(Image credit: Apartment Therapy)

Apartment Therapy Survey:

Our Style: Modern, relaxed, comfortable and uncluttered. Our architects at Alterstudio said something that pretty much summed up our style. We love modern, but coupled with an aesthetic that prizes serendipity.

Inspiration: Traveling the world. Dutch designers, Australian and British magazines, music, the floral designer Lewis Miller, Van Halen, Scandanavian architecture.

Favorite Element: We have a ton of favorites but the glass in this house is so incredible. We never turn on lights until after dark. The north and south sides of the house are large storefront windows and we have a glass floor in the hall to allow light from a second story skylight down to the first floor. The glass floor is a fun architectural element but the function it performs is even better. Other things are the sonos music system, the pool and the TV cave.

Biggest Challenge: Making every last square inch count so there is no wasted space. And I am happy to say we nailed it.

What Friends Say: Um…pretty much “HOLY S***!”

Biggest Embarrassment: Not one thing.

Proudest DIY: The landscaping. The design plan credit goes to Mark Word but the execution was all ours. This property sits on limestone covered by an inch or two of soil. With the exception of the native live Oak trees, every last shrub, tree and flower required a hole dug in stone so it could thrive. And with help from my mom we built the planters by the pool. I have always enjoyed being outside and gardening. Sam on the other hand learned all about shovels and blisters yet he takes such pride in what we have created.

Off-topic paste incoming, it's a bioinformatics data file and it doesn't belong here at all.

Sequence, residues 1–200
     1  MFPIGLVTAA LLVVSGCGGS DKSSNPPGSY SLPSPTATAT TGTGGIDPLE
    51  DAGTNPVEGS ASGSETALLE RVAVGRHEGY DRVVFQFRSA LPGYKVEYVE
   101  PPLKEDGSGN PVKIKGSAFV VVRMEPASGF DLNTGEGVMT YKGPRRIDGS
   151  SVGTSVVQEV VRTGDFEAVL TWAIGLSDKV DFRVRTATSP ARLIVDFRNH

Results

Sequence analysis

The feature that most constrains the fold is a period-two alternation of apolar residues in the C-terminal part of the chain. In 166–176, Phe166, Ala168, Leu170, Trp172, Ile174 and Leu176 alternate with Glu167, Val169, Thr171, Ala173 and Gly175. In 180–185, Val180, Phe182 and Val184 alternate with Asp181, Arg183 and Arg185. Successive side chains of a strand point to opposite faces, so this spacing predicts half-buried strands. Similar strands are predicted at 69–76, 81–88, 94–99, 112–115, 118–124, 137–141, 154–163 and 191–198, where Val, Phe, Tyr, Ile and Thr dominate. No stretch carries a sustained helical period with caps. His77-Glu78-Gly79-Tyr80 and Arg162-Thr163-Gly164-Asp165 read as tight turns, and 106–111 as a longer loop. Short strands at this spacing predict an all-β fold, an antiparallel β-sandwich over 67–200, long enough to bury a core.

Biggest Indulgence: HA! It’s not what you’d think. I am going to say Sam’s guitars, amps and music gear! He is addicted to gear and it is taking over our office. The other thing is framing the art we buy. It’s shocking how much framing costs.

Best Advice: DO YOUR HOMEWORK! Research Research and more Research. And save your money for quality pieces. You’ll have a greater appreciation for the things you waited to afford versus the trendy, instant gratification pieces you’ll replace in a year.

Dream Sources: Piet Hein Eek’s private collection!